Dog: Left adrenal gland: pheochromocytoma
Dog, female, adult, 8.9 kg
Left adrenal gland: pheochromocytoma
Macroscopically the medulla of the left adrenal gland was replaced by a homogenous, soft, beige mass. Pararenal there was an expanding, encapsulated and well demarcated mass of up to 6.0 x 5.0 x 5.0 cm in dimension. Multifocally, on the cut surface hemorrhages and cystic areas were present. The right adrenal gland was of normal appearance.
Histologically the mass was highly cellular and composed of lobules of mostly round to polyhedral cells with palely eosinophilic, finely granular cytoplasm and round to ovoid hyperchromatic nuclei. Anisocytosis and anisocaryosis were moderate. The mass within the original adrenal gland showed the same features and was surrounded by a thin compressed rim of adrenal cortex. No invasions in other organs such as the left kidney or vessels were observed.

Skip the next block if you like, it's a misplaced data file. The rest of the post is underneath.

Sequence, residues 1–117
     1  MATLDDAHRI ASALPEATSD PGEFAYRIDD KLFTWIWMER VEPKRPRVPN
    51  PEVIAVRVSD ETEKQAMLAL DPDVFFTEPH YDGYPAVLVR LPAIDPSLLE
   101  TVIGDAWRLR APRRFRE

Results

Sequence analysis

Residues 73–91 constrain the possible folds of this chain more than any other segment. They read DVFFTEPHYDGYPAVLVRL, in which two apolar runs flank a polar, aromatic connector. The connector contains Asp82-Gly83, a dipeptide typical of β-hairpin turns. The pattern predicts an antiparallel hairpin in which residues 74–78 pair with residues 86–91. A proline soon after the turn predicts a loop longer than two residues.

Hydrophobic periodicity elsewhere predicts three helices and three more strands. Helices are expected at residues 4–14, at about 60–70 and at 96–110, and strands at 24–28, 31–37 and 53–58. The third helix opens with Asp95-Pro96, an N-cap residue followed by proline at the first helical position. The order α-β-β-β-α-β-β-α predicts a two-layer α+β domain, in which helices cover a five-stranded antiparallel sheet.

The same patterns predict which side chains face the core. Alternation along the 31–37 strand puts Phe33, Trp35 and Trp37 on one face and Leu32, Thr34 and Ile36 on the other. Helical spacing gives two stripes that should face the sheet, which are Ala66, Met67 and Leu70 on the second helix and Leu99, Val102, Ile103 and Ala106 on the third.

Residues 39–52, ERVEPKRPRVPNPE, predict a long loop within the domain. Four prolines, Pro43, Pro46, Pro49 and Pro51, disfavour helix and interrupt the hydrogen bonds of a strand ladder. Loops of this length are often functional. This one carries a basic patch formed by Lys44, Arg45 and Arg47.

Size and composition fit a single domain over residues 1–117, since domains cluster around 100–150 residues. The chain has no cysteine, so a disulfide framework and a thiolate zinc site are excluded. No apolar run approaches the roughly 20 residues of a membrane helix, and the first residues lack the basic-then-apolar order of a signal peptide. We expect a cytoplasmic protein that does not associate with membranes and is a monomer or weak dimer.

Pheochromocytomas are the most common neoplasm in the adrenal medulla of animals and develop most often in cattle and dogs. They are tumors of chromaffin cells and can be either unilateral or bilateral often with diameters of 10 cm or more. Affected dogs are usually middle aged with no breed or sex predilection. Functional tumors can secrete epinephrine and/or norepinephrine. Clinical signs attributed to catecholamine release are rare. 39 to 50% of the canine tumors invade the Vena cava, liver or kidney by local extension. Invasion and thrombosis of the Vena cava or extramural compression can occlude venous return from posterior extremities, causing edema.
Image & Authored by:
Stefanie Binder, Department of Veterinary Pathology, Freie Universität Berlin, Germany